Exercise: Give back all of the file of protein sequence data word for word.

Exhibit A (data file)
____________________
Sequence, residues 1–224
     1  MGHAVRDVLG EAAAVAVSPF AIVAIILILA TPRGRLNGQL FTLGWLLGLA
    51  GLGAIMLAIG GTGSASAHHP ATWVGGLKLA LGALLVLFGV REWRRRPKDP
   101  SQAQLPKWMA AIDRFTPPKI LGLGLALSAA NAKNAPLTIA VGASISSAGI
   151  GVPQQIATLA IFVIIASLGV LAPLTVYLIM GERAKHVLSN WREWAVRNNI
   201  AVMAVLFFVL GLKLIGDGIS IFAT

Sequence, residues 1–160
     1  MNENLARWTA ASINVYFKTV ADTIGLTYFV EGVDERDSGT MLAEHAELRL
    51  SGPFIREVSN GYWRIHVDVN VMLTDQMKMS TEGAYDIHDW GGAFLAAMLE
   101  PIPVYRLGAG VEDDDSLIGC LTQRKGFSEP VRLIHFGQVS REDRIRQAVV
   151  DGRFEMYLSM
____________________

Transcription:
Sequence, residues 1–224
     1  MGHAVRDVLG EAAAVAVSPF AIVAIILILA TPRGRLNGQL FTLGWLLGLA
    51  GLGAIMLAIG GTGSASAHHP ATWVGGLKLA LGALLVLFGV REWRRRPKDP
   101  SQAQLPKWMA AIDRFTPPKI LGLGLALSAA NAKNAPLTIA VGASISSAGI
   151  GVPQQIATLA IFVIIASLGV LAPLTVYLIM GERAKHVLSN WREWAVRNNI
   201  AVMAVLFFVL GLKLIGDGIS IFAT

Sequence, residues 1–160
     1  MNENLARWTA ASINVYFKTV ADTIGLTYFV EGVDERDSGT MLAEHAELRL
    51  SGPFIREVSN GYWRIHVDVN VMLTDQMKMS TEGAYDIHDW GGAFLAAMLE
   101  PIPVYRLGAG VEDDDSLIGC LTQRKGFSEP VRLIHFGQVS REDRIRQAVV
   151  DGRFEMYLSM